Update 2: This is funny.  People use this to grow weed.  Very funny.

Update 3: Not exactly on topic with this post, but here is how to promote your "whatever".  It could be a blog, or videos on YouTube.

Euro woes could return

Remember the trouble that the Euro was having earlier this year?  It all seemed to start in Greece and now it appears to be on the rise again.  It pretty much points in the same direction as usual.  That is the use of paper money and debt to solve financial problems.  You can't paper over problems.  You actually have to do something to solve them.

Insider's trading

Not to be confused with Insider trading which is illegal.  The bigwigs can legally buy and sell based upon their own beliefs and needs as well as anyone else.  The thing that grabs me is that the volume of the insiders trading is so high on the sell side that it may indicate a rocky road ahead for stocks.  Catch the story here (via Free Republic).

Denial is not a river in Egypt

Once again denial rears its ugly head.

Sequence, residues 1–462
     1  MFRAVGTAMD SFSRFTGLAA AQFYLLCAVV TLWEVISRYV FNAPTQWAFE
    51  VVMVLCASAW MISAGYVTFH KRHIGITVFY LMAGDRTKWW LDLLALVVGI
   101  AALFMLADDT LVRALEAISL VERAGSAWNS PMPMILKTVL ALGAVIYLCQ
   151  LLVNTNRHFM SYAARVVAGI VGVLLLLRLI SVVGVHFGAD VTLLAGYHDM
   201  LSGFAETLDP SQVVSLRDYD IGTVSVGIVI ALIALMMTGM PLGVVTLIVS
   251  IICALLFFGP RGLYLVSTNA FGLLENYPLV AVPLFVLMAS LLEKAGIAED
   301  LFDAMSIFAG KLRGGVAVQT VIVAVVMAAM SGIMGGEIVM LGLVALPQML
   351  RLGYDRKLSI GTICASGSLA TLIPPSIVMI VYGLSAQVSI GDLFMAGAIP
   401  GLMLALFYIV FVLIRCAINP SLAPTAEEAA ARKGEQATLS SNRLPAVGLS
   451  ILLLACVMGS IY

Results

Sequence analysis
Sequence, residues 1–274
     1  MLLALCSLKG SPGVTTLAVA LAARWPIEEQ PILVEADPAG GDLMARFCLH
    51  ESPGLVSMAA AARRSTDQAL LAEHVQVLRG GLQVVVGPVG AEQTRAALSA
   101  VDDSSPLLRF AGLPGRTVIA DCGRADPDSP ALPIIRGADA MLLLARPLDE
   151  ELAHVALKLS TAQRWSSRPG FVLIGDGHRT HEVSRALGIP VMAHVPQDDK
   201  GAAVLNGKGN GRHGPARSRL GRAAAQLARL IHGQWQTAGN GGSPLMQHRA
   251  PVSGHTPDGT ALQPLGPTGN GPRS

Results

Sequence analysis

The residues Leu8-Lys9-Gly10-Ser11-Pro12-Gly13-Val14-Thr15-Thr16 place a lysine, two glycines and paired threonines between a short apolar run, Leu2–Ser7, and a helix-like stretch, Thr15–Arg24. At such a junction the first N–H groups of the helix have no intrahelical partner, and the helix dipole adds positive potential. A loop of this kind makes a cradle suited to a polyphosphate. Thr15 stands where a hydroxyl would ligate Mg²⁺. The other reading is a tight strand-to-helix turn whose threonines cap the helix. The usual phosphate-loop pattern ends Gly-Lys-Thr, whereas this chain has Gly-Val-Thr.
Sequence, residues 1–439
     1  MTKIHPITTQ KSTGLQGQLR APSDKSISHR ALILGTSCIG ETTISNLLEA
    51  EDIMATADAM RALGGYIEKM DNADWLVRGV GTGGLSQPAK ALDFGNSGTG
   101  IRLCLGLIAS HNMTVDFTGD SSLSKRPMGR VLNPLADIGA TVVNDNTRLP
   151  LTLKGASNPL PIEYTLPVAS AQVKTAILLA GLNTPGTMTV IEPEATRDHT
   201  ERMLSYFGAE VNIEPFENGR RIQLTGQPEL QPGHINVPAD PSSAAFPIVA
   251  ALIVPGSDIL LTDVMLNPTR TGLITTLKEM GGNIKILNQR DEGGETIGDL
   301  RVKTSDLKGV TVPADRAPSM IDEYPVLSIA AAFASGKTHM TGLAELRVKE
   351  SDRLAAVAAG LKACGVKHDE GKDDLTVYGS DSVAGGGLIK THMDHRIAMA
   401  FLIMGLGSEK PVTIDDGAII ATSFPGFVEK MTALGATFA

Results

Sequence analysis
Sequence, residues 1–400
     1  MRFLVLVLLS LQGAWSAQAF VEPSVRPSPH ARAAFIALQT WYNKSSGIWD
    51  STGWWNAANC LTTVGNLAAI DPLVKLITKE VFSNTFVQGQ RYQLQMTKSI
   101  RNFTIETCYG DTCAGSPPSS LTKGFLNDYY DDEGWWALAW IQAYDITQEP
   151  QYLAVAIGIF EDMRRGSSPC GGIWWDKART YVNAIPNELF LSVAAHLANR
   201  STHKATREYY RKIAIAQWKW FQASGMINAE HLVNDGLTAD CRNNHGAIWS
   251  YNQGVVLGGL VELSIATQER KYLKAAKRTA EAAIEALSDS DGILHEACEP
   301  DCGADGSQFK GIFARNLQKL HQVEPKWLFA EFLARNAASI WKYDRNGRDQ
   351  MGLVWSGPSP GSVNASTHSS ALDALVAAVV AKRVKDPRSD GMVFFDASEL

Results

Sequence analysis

"The decision to remain blind runs up and down the line, from the halls of power that shape policy toward the US’s “ally” Pakistan, down to the lowest analysts and assistant regional security officers in Islamabad, who turned away Outalha. This isn’t failure, this is systematic shortsightedness. America is in a complete state of denial."- Seth J. Frantzman, The Jerusalem Post 10/26/10

Denial is a psychological problem.  It has ingratiated itself into the highest levels of society, according to this.  If our leadership is infected with this disease, then they have to go.  They have lost the capacity to lead.  One of the findings of the 911 commission which was published in 2004 was that there was a lack of imagination.  If the lack of imagination is the tendency not to be able to think outside the box, could that be just another form of denial?  A lack of imagination is a type of mental blindness.  One afflicted in thus a manner cannot see what is there and what isn't, nor can a possible solution to problems be found.   They cannot be found if they cannot be seen.  Even the problems themselves cannot be seen.